Now in its 19th year, the Whitsunday Reef Festival has officially come of age as the Great Barrier Reef Festival, in a rebrand that strengthens the ties to its world-famous namesake.
Festival chairwoman Margie Murphy said she was proud of the new-look festival and what it meant for the community at the physical and spiritual heart of the Great Barrier Reef.
“This is the beginning of a new era for the Whitsundays and the festival,” she said.
“For 18 years, we have celebrated what it means to live in a community connected to the Great Barrier Reef, and now we want to share that with the rest of Australia and the world.”
Taking on the challenge of defining the new brand identity was Brisbane-based creative agency Nick Did This, whose portfolio includes projects with Tourism and Events Queensland and the recent rebrand of the Whitsundays’ Abell Point Marina to the Coral Sea Marina|Resort.
Nick Did This owner and creative strategist Nick Pritchard said creating a logo was always a great honour, and a responsibility he and his team did not take lightly.
“The team wanted the logo to be a celebration of the region and everything it offers, so we set about creating a colourful, balanced and joyous design that combined elements of the ocean (coral, seashells and fish), land (palms), and festival (fireworks),” he said.
“We went back and forth a few times with the Great Barrier Reef Festival team before we settled on the final iteration of the logo – and we’re glad we did.
“We can’t wait to see it roll out over the next few months and I personally am looking forward to kicking up my heels at the festival itself.”
Whitsunday Mayor Andrew Willcox said the rebrand would ensure the event would continue to flourish both organically locally and on a national and international scale.
“Aligning with the Great Barrier Reef identity signals the next stage of growth and one that will showcase what the Whitsundays has to offer,” he said.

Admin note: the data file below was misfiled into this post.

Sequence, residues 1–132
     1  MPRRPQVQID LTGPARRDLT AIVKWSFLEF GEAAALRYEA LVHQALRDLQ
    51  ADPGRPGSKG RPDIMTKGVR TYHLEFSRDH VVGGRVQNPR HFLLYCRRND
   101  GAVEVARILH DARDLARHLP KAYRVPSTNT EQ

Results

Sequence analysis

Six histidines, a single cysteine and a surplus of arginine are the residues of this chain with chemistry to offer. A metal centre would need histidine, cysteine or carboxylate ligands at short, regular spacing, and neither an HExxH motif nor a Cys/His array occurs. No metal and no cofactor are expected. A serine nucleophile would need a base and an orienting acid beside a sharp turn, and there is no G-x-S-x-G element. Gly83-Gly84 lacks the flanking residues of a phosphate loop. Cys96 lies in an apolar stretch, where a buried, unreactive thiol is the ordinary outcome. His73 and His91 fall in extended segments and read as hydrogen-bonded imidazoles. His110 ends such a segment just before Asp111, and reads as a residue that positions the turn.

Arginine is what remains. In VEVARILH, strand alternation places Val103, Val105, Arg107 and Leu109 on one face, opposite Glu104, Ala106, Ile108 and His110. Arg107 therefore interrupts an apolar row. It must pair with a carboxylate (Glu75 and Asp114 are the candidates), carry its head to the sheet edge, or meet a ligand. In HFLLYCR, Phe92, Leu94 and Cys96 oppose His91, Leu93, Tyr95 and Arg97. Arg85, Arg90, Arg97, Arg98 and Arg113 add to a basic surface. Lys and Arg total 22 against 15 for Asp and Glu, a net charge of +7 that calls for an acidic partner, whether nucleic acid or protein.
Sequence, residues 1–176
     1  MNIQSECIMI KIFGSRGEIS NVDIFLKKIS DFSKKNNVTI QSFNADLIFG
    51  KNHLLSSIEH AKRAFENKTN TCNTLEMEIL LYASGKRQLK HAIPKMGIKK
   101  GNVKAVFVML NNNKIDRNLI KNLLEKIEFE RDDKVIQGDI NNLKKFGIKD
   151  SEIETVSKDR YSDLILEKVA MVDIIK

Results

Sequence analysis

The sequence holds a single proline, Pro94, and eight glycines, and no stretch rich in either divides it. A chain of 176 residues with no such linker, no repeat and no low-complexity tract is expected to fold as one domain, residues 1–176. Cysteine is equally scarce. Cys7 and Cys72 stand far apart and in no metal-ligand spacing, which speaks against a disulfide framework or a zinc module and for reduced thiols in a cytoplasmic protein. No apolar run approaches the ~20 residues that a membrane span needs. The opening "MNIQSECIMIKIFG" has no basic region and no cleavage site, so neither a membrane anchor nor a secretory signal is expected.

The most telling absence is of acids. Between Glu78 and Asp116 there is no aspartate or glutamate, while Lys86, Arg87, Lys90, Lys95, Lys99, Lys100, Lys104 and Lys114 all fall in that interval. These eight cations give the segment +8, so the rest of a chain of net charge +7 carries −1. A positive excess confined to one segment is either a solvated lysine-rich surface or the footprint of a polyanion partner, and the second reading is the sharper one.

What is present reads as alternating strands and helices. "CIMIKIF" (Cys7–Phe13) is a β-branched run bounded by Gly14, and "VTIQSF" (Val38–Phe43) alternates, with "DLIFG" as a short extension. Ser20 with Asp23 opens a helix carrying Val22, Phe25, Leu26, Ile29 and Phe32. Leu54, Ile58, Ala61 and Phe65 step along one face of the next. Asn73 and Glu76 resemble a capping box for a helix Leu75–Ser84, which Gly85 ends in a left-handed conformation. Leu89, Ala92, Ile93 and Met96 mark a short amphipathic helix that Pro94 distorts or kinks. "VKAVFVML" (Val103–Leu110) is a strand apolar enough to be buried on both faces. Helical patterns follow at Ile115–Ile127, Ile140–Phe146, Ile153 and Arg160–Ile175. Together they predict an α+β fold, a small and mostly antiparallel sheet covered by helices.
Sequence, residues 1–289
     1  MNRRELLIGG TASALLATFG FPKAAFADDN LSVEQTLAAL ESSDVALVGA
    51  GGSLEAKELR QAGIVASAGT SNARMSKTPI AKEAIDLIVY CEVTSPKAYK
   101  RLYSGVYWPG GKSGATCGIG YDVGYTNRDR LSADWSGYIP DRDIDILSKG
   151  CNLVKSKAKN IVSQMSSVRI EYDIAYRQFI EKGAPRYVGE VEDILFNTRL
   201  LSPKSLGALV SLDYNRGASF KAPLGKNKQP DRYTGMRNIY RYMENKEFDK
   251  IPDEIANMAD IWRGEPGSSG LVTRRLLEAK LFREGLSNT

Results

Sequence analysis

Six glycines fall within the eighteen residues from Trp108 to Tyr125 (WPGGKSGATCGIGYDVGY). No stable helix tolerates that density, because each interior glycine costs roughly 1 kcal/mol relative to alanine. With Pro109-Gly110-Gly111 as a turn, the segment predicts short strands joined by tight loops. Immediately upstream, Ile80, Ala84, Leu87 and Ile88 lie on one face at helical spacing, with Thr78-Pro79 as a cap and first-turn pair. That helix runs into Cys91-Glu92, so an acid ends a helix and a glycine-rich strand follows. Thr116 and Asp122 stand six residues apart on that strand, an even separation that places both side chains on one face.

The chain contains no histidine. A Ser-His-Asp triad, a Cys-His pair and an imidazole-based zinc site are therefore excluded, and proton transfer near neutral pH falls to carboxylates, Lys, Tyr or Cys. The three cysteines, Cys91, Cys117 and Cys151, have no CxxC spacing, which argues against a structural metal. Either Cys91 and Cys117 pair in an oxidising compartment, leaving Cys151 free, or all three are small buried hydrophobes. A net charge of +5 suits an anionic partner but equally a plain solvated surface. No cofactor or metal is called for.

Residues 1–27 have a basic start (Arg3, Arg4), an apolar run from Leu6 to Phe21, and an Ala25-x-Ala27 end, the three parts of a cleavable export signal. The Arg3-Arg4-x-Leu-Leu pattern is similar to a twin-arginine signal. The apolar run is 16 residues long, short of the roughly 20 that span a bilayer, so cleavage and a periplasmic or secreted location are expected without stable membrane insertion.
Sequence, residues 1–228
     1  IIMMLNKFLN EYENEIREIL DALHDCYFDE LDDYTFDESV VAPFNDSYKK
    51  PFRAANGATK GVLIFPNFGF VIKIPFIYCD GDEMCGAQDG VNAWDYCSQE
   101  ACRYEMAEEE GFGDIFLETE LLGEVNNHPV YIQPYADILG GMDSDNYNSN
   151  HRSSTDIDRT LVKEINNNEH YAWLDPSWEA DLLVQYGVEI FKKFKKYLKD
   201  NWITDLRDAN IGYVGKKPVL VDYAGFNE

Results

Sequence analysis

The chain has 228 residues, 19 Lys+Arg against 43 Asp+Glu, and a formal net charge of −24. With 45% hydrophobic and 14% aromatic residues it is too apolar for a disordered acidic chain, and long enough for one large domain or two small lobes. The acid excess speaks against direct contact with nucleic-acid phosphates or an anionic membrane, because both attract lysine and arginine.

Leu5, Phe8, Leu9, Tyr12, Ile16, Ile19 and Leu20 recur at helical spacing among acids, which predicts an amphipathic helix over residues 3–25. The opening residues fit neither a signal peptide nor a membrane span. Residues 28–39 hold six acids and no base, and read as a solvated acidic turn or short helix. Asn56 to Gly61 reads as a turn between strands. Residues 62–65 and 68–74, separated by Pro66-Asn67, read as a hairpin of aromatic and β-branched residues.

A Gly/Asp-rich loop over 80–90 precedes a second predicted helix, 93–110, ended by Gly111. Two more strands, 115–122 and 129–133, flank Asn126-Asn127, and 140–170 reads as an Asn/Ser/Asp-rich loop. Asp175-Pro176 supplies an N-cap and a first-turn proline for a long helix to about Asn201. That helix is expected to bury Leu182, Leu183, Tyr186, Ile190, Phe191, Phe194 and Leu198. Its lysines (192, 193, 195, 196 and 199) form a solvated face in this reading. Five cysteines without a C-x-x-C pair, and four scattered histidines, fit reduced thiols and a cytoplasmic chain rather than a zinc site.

“We have something remarkable on our doorstep in the Great Barrier Reef, so it’s a fitting and exciting move for the future of the festival.”
Tourism Whitsundays CEO Tash Wheeler echoed these sentiments.
“Destination events play a key role in helping to foster regional tourism and local economic growth,” she said.
“Events like the Great Barrier Reef Festival not only target new markets for visitation, but also play a role in increased length of stay, dispersal and visitor expenditure throughout the region.”
Murphy reiterated her gratitude to everyone contributing to the rebrand of the not-for-profit event.
“It would not have been possible for us to take this to the next level without the incredible generosity of the team at Nick Did This or without funding from Whitsunday Regional Council’s special projects grant that will allow us to reprint street banners and launch a new website,” she said.
The new website, www.greatbarrierreeffestival.com.au, is currently under construction thanks to Megan Taylor at Kapow Interactive, with ongoing graphic design support to be provided by Danny Stockow at Graphic House.
Behind the scenes, the festival committee is putting together the 2019 program of events.
This will include new, premium reef-themed products and events, as well as the return of festival favourites, spread over four days from 1 August to 4 August.